Crease One is a small-to-medium-sized, pointed crease brush that has a very strong taper to a point, which makes it ideal for applying color into the deeper crease with more precision. I liked it a lot, but if you’re someone who tends to have a more diffused or blown out color in the crease, I think it will be too precise and sharp. I find with these types of brushes that I often to use it to darken or add depth to crease, like going in with black eyeshadow, rather than starting with application in the crease with this style of brush as it can be too precise.
Builder One is in the spirit of a dome-shaped eyeshadow brush to apply color to the lid, but it tapers to a much flatter brush. It’s small-to-medium in size–it is small enough to apply color to the inner area of my lid but large enough to work across the lid and not feel like it took too much time. My only issue I have with it is that the ferrule comes around the edge of the brush and sometimes I feel like the ferrule touches my lid, so perhaps a brush like this but slightly larger (but with the same shape) would work better for me in particular. Builder One packs on a lot of product without diffusing it until desired, so it does a good job for getting intensity and pigmentation out of powder eyeshadows.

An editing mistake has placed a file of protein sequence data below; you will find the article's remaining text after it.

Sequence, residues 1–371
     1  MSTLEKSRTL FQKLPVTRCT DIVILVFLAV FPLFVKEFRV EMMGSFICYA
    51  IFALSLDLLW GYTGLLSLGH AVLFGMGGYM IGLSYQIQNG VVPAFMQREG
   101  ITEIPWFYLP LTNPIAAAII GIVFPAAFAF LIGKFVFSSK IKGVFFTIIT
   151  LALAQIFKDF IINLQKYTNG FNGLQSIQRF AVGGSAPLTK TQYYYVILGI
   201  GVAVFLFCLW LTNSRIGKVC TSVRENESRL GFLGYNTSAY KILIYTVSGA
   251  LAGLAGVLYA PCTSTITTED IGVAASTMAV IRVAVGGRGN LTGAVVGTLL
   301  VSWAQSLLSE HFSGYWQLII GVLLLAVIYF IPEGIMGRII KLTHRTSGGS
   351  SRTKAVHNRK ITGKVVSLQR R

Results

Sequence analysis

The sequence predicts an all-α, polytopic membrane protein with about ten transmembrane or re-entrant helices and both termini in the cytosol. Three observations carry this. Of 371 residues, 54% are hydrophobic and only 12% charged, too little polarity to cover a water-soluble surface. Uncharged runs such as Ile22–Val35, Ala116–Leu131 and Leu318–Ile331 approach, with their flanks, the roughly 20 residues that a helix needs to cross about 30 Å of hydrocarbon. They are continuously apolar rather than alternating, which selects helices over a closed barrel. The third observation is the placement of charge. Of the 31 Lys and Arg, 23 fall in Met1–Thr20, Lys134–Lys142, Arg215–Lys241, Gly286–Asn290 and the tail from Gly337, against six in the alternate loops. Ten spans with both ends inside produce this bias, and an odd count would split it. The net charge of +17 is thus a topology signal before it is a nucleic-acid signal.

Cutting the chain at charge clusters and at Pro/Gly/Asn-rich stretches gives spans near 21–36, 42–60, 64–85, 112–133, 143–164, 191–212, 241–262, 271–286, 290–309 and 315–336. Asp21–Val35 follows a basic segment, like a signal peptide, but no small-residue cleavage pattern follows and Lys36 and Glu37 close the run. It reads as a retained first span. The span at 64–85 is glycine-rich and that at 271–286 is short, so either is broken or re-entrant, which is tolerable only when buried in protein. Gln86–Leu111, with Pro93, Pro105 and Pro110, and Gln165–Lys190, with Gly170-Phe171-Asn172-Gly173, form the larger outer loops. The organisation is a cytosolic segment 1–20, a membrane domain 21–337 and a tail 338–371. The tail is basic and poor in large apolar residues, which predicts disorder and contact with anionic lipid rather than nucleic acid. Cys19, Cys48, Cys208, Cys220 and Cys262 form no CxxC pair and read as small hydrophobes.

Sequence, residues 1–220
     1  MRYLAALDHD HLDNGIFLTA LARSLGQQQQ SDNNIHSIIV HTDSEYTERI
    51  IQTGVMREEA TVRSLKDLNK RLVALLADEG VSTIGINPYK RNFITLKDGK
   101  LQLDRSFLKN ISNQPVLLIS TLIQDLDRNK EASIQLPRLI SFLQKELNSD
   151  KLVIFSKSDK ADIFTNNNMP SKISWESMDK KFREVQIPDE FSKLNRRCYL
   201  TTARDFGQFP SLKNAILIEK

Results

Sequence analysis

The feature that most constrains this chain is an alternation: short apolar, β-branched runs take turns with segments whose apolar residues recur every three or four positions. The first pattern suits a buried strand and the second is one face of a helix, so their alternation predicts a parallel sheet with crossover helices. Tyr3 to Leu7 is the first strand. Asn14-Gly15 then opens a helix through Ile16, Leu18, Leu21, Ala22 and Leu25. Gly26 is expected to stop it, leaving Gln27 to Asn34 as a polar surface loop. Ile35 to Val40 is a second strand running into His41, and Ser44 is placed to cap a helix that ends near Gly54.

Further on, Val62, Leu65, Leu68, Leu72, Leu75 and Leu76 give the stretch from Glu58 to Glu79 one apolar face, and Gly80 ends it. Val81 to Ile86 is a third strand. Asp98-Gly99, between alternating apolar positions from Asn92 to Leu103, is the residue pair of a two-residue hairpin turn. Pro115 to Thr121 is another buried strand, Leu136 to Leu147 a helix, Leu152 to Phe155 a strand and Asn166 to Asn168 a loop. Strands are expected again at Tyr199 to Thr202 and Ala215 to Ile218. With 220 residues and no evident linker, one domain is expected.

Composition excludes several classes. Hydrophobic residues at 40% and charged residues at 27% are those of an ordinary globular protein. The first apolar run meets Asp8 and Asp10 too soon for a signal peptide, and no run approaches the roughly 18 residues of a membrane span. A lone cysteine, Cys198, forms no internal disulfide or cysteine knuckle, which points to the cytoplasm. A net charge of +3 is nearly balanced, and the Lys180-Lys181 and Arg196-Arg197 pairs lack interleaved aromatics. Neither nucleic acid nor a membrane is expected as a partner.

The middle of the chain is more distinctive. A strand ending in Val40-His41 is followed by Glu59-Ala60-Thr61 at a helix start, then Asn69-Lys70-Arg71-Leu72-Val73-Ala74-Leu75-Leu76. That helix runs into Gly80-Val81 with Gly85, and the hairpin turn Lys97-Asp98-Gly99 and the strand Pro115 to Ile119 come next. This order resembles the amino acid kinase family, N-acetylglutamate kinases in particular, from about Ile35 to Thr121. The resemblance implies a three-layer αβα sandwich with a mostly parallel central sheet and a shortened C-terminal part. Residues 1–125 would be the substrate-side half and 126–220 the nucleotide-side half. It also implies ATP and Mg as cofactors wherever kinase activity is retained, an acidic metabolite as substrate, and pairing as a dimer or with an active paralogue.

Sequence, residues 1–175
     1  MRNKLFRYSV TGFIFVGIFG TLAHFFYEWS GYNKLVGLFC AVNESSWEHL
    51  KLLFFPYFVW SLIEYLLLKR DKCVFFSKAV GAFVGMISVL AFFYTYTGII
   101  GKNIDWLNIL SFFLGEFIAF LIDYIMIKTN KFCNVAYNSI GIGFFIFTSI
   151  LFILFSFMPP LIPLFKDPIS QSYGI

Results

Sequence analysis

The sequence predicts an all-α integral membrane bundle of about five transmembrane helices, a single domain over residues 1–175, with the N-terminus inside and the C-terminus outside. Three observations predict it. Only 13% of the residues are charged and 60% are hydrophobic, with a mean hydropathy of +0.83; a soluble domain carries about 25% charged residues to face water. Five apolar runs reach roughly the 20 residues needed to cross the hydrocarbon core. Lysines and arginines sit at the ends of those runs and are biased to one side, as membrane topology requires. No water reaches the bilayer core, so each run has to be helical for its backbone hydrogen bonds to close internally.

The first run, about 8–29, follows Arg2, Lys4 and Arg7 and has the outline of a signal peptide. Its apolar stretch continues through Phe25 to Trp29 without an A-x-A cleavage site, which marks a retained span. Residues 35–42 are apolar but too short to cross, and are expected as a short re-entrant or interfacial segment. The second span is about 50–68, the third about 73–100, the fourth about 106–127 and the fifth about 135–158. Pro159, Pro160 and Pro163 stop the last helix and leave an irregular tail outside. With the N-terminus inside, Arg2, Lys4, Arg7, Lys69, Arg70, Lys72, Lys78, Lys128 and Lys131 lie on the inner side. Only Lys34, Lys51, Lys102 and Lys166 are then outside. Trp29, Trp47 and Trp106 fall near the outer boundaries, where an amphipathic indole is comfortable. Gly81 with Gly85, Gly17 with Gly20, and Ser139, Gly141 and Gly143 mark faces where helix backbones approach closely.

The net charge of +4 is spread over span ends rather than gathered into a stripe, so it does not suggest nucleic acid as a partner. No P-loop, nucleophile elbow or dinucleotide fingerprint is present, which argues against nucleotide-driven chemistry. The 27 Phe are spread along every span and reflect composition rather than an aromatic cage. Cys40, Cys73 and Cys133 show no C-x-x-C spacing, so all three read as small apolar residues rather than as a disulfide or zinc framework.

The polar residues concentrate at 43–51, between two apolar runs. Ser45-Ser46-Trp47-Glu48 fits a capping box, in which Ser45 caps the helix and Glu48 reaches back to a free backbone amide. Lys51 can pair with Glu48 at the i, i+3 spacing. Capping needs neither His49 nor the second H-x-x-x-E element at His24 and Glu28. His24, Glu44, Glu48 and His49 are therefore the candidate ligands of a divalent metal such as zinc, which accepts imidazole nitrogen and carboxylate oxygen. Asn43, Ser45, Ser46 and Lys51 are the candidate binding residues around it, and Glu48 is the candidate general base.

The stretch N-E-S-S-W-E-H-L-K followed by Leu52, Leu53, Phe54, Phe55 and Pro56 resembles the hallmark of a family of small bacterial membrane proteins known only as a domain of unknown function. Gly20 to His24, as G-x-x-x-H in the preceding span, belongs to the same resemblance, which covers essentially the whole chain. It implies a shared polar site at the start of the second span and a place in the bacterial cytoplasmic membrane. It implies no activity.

Worker One is my very favorite brush out of the set. It’s the one that I’d consider purchasing another of. It has the shape of a more typical, fluffy eyeshadow blending brush but is much, much denser and a bit softer with less fluffy edges. If you were ever struggling to blend something out, this one tackles it with aplomb. I’d love to see this brush shape offered in smaller sizes–at least two more!–because I find it very versatile and unique (but not strange!) within my collection of brushes. (Worker Two, which is newly released, is the same in shape and size but is undyed). Out of all the brushes in the range, Worker One is the one I’d most recommend.